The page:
A stone makes a chip in your windscreen. If you leave it, it will spread and a small crack will become significantly larger, and likely more expensive to repair. Leave it too long and the chances of you having to replace the complete windscreen are pretty much guaranteed.
Being unhappy with one of your team’s performance in a task can be like that original chip. If you avoid the issue and do nothing, the action will be repeated or increased. Over time the situation will escalate and you are likely to become more judgmental than objective. Dealing with a performance related issue in a timely manner is key to stopping the problem from increasing or spreading like that crack.
However, giving negative feedback is not one of the more enjoyable aspects of people management, and one that is often avoided. So how can you do it in a way that is constructive for both you and your team member? What can you say so that they leave the room motivated to do something differently in future, rather than feeling like they’ve been in the head teacher’s office for kicking a ball through a window?
3 steps and language points to motivate you to try something different:
1. Start with a positive.
“Thank you for the effort you put into correlating the timesheets. It really helped the finance team put together the claim for the first quarter.”
2. Give a specific example of the problem and the impact. This shows that you have an understanding and vested interest in the situation.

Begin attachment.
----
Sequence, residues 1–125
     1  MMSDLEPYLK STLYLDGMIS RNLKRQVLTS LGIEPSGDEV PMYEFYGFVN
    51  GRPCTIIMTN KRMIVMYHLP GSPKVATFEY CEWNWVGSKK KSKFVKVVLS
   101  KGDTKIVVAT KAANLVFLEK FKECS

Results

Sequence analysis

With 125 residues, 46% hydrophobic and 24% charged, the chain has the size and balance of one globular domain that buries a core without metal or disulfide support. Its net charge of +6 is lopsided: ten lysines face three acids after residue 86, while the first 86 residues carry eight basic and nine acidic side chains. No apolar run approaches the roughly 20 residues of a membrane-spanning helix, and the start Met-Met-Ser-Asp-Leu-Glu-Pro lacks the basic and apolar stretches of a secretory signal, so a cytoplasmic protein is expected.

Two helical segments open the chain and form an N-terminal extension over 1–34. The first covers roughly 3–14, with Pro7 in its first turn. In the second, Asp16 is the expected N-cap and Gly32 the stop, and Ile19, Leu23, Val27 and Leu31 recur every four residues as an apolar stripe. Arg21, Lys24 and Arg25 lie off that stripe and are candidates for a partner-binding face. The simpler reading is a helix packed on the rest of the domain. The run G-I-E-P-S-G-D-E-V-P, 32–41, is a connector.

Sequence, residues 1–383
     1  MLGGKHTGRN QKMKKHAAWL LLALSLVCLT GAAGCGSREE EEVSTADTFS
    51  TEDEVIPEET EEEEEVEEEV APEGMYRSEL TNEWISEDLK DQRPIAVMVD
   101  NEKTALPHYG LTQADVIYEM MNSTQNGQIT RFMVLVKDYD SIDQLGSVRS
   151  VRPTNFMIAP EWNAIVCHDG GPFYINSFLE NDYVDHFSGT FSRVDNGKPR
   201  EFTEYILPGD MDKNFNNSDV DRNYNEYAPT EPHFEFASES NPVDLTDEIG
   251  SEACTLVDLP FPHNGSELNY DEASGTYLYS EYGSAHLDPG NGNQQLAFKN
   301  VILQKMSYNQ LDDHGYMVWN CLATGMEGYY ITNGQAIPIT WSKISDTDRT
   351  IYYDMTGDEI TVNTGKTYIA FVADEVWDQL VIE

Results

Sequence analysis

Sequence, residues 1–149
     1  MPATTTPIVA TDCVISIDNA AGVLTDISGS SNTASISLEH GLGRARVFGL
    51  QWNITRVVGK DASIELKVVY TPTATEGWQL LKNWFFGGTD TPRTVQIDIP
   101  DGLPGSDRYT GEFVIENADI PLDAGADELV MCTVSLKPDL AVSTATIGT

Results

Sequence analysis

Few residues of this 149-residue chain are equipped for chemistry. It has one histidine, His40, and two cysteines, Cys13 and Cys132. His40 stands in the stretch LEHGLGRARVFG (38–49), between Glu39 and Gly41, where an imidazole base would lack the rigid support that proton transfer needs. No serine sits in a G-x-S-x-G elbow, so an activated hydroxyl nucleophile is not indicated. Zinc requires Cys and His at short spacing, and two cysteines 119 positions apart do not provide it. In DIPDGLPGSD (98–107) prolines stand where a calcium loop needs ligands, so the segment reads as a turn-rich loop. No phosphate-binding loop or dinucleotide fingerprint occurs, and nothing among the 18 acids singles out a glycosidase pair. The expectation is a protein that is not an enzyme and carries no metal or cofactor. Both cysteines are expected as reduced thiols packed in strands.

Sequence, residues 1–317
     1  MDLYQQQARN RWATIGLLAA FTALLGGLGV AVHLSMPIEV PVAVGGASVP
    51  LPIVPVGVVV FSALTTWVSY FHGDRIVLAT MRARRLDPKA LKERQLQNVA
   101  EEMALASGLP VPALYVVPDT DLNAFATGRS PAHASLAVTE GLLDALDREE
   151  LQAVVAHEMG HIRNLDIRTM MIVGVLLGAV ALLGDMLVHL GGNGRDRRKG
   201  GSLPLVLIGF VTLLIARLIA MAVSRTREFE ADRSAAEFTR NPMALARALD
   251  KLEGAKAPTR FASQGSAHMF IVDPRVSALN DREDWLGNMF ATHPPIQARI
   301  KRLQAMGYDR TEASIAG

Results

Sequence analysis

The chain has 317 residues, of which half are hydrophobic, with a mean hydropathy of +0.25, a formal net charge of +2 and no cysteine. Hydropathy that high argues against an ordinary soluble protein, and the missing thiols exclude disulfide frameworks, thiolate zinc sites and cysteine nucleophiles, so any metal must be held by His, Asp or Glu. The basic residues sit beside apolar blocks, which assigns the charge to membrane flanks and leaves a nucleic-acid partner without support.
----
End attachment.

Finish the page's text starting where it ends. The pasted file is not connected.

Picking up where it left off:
“I noticed that the deadline you gave the Project Managers to get their information to you was two days before your own deadline to get the finished report to the finance team. I saw that this put a lot of pressure on you and you had to work considerable overtime. I also noticed Birgit working late to organize the Managers’ Webcast as you weren’t free to support her.”
Now compare the example to the one below:
“Your deadline for the Project Managers was too late. You shouldn’t have had to have done that overtime and you left Birgit to deal with the Managers’ Webcast on her own.”
Doesn’t sound so good…Only using ‘you’ or ‘your’ to start a sentence sounds judgmental and is likely to make them become defensive and not open to constructive direction of what you would like to happen next time. Alternatively, in the first example each sentence starts with ‘I’. This sounds more objective, backs up that you understand the situation and that you want to help them do better in future. It is also much more difficult to argue against a statement starting with ‘I’ than ‘you’. However, avoid using “I think” as this implies a personal feeling and can be felt to be more judgmental than “I noticed” or “I saw”.
3. Say what you would like to see in future. However, only set one concrete action unless absolutely necessary. Keeping it short and simple means you are far more likely to see success.
“Next time, set a deadline for the Project Managers of one week before your own deadline.”
Let us know if you have any other suggestions or experiences on giving negative feedback in the comments area below. Also, click here for more information on how you can improve your approach to delivering difficult news.